BEIRUT (Reuters) – While tens of thousands of foreigners are fleeing Lebanon any way they can, some are determined to stick it out in the face of Israeli bombardment and blockade.Â A hardy few are even finding ways to get in.
“I was in France on vacation when this conflict broke out and I made my way back by plane via Jordan and Syria then came by taxi to Beirut,” said Bernhard Hillenkamp, a German who works for a children’s rights group in Lebanon.
“I’ve lived here for eight years and I felt like returning. My life is here and I am not going to change it easily. I also work with an organization dealing with children’s rights and I felt I should be here in a time of conflict. It was my choice.”
At least 40,000 foreign nationals have been evacuated from Lebanon since Israeli bombing began two weeks ago, most traveling to Cyprus and Turkey by boat.
Many found their own way out by taking circuitous routes to bypass the bombed and blocked roads to neighboring Syria as Israeli warplanes pounded Lebanon.
The mass evacuation of Western nationals is now drawing to a close but some who have lived in Lebanon for years refuse to leave, whether for the sake of work, love, defiance or because they have come to see this troubled country as home.
“The obvious reason is that I am in love with a woman here and I would not leave without her,” said Ralph Bodenstein, a German architectural historian resident in Beirut since 2002.
“This is also where I work. All my stuff is here and if I left I would have to stop working on my thesis as I cannot take everything with me … This is my second home now and that is one of the reasons why I will not run away in times of difficulty.”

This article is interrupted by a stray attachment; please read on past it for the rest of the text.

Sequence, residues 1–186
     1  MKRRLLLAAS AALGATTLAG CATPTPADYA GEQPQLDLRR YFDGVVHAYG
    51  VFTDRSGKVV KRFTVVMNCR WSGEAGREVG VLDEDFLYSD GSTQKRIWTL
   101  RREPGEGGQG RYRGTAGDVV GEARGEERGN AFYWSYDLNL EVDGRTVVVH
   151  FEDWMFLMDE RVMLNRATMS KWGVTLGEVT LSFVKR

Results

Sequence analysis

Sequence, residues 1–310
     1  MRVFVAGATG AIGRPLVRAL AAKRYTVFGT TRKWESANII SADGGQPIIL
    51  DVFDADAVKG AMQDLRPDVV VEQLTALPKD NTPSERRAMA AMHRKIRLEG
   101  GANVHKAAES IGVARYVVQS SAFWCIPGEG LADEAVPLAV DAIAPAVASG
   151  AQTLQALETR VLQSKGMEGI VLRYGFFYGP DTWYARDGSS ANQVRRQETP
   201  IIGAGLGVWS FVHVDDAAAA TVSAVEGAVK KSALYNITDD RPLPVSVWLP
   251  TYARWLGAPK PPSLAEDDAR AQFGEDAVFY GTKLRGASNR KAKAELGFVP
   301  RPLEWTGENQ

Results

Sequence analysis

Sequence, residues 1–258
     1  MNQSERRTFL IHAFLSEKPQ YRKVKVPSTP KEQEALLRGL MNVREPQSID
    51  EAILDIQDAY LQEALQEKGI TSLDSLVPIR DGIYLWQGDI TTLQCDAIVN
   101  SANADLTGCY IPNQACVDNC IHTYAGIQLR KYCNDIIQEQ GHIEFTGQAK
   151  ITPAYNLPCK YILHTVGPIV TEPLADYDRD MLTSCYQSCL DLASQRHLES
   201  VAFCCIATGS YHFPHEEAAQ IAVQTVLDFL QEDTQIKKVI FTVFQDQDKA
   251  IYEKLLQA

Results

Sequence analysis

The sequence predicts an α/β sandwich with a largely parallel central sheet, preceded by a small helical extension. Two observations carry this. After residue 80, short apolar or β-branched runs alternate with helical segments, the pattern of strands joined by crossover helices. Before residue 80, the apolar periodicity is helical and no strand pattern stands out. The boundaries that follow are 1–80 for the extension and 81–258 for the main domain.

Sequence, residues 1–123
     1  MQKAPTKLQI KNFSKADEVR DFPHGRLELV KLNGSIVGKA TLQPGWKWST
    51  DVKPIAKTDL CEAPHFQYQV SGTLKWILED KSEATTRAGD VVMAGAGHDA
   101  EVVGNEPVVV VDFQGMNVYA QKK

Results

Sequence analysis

With its own skilled and multi-lingual workforce, Lebanon does not have a massive Western expatriate community like many countries in the region. Still, many foreigners, often working as teachers, journalists or academics have made Beirut their home, some marrying Lebanese and settling down here.
Others are frequent visitors who see their decision to stay as a form of defiance in a crisis sparked by Hizbollah’s July 12 capture of two Israeli soldiers in a cross-border attack.
“I’ll be doing research and want to continue to do so in spite of Israeli terror,” said John Chalcraft, a British university lecturer, who is sticking to his plans to visit Lebanon in August. “Life should go on. And it’s not yet 1982.”
In 1982, Israeli forces invaded and occupied Beirut after heavily bombarding the Muslim west of the then-divided city. Even foreigners who stayed in Lebanon early in its 1975-1990 civil war mostly fled in the 1980s when Shi’ite Muslim militants began taking Western hostages.
Aurore Pastre, a French literature teacher, has organized a march for foreigners who have stayed to demand an end to the war that has killed over 400 people in Lebanon and 42 Israelis.
“I stayed because I am against the war. I found it very aggressive and unfair and this is a kind of resistance,” said Pastre, who lived in Lebanon for a year and was back visiting when the crisis broke. “Many Lebanese worry that it will get worse after the foreigners go so it is hard to leave friends.”
Many are willing to stay because Israeli bombing has been focused on southern Lebanon and southern Beirut so most areas are safe. Still, some feel world attention has been misplaced.
“I have no grudge against the people who are leaving but it is all the fuss that was made, all these naval fleets in the Mediterranean and helicopters flying around,” Bodenstein said.